This new funding will also provide technical assistance to the Sri Lankan government in implementing economic and financial reform measures to stabilize the economy, in line with an expected package from the International Monetary Fund (IMF), the US embassy in Colombo said in a statement. declaration.
“The US is committed to supporting the Sri Lankan people in the current economic and political challenges. As a long-term development partner, we will remain committed to efforts that promote sustainable economic growth and good governance,” said Julie Chung, US Ambassador to Sri Lanka.
This emergency funding through the United States government’s development arm, the United States Agency for International Development (USAID), responds to emerging or unforeseen complex crises abroad. Part of this funding will go to USAID’s Social Cohesion and Reconciliation (SCORE) Project to support small-scale agricultural productivity and micro-enterprise in communities that have traditionally experienced high poverty rates and are particularly affected by the crisis.
This funding will also support public sector efficiency and resource management through USAID’s project to accelerate results in trade, national spending and revenue.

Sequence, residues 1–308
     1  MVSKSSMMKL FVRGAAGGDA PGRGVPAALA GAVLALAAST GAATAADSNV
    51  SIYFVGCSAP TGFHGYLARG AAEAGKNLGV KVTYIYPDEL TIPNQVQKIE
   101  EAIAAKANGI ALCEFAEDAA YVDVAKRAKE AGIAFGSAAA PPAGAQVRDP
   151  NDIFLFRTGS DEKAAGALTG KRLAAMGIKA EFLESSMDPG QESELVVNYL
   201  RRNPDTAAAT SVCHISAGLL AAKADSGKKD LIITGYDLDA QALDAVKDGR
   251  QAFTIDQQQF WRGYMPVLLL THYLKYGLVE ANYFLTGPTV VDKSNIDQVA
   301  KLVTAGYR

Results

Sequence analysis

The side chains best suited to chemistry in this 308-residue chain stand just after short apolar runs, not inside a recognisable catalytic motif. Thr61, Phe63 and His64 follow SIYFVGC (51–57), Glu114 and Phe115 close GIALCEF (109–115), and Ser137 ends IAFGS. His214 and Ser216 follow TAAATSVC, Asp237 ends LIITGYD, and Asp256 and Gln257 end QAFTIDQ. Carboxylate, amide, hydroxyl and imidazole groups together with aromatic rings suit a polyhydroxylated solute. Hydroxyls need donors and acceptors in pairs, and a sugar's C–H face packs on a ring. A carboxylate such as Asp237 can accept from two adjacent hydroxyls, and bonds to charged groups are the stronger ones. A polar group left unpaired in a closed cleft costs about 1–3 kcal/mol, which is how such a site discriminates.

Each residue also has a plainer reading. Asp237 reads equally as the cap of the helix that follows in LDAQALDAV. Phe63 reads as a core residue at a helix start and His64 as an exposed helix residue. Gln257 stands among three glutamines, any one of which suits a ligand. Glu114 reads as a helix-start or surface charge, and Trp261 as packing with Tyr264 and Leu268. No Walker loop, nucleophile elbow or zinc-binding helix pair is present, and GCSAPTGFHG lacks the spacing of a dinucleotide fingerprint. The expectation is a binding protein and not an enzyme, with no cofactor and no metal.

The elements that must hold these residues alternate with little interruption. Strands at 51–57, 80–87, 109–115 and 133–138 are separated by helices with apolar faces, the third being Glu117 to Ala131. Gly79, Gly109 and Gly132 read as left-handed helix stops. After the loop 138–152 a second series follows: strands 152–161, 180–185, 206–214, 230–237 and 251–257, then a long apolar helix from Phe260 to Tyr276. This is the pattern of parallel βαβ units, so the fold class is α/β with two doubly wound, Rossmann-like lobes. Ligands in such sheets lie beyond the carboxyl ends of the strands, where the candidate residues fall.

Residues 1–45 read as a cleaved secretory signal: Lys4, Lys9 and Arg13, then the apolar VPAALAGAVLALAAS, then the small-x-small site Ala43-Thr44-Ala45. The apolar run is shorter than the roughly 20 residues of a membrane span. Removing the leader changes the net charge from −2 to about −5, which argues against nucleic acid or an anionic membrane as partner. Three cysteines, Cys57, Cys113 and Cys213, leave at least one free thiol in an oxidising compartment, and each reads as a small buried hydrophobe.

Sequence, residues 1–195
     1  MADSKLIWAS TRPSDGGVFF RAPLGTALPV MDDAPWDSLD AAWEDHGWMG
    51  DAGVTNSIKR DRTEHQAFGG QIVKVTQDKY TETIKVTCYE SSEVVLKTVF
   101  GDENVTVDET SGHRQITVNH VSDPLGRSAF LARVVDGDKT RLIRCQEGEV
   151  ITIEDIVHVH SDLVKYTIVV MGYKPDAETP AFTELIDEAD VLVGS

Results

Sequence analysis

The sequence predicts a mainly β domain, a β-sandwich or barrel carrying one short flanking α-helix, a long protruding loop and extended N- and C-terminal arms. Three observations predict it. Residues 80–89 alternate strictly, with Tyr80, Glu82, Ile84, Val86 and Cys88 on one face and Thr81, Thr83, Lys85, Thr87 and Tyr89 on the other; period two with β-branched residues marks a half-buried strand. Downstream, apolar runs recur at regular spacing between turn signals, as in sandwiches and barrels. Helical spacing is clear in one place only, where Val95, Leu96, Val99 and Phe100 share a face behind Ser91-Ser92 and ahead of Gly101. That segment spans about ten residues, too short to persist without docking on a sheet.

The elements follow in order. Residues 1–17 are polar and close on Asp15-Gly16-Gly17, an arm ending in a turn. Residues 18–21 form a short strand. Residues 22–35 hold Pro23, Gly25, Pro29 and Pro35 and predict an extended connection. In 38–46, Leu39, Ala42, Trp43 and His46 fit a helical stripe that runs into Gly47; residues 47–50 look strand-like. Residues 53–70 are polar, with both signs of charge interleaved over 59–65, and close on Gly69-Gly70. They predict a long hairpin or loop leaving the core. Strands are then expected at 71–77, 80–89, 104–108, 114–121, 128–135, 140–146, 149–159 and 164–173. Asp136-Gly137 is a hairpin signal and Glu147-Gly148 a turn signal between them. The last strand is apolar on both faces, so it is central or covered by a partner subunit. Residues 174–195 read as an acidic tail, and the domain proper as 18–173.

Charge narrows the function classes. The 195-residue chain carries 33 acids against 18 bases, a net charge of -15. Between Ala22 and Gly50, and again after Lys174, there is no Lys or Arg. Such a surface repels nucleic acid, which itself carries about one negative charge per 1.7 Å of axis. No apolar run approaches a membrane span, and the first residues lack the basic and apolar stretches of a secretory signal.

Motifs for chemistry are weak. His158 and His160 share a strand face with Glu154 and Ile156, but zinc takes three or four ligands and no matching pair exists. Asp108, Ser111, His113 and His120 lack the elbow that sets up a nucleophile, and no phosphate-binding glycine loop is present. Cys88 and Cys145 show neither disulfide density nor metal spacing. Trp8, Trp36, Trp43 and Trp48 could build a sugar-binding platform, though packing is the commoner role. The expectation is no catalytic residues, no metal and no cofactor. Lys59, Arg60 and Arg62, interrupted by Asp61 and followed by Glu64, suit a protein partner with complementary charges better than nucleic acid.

“The $6 million in new aid is part of a much larger package of foreign aid to Sri Lanka from the American people to meet today’s needs. That aid is part of a shared history in which the United States raised more than $2 billion in economic and humanitarian aid since 1956,” the statement said.
The US will continue to contribute to its significant ongoing investments and aid projects in Sri Lanka to help meet the immediate and long-term needs of the people of Sri Lanka. The US on Wednesday announced $120 million in new loans to Sri Lanka to grow and support small and medium-sized businesses in the country.
Sri Lanka is facing its worst economic crisis since independence from Britain in 1948. The economic crisis has led to an acute shortage of essential items such as food, medicines, cooking gas and other fuel, toilet paper and even matches.
The country faces long queues for refueling at gas stations as the government finds it difficult to finance fuel imports to maintain a reserve sufficient for at least three months.
The near-bankrupt country, with an acute currency crisis that resulted in foreign debt default, announced in April that it is suspending repayment of nearly $7 billion in foreign debt for this year of the roughly $25 billion owed through 2026. Sri Lanka’s total external debt is equivalent to $51 billion.